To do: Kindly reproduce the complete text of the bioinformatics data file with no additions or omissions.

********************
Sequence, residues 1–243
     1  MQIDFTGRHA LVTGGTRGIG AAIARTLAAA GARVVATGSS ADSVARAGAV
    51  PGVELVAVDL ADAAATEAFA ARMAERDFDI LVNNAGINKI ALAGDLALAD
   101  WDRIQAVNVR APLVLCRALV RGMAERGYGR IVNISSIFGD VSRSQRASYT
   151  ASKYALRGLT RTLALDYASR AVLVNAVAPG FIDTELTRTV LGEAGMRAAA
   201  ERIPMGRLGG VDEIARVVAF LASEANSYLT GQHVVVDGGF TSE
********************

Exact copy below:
Sequence, residues 1–243
     1  MQIDFTGRHA LVTGGTRGIG AAIARTLAAA GARVVATGSS ADSVARAGAV
    51  PGVELVAVDL ADAAATEAFA ARMAERDFDI LVNNAGINKI ALAGDLALAD
   101  WDRIQAVNVR APLVLCRALV RGMAERGYGR IVNISSIFGD VSRSQRASYT
   151  ASKYALRGLT RTLALDYASR AVLVNAVAPG FIDTELTRTV LGEAGMRAAA
   201  ERIPMGRLGG VDEIARVVAF LASEANSYLT GQHVVVDGGF TSE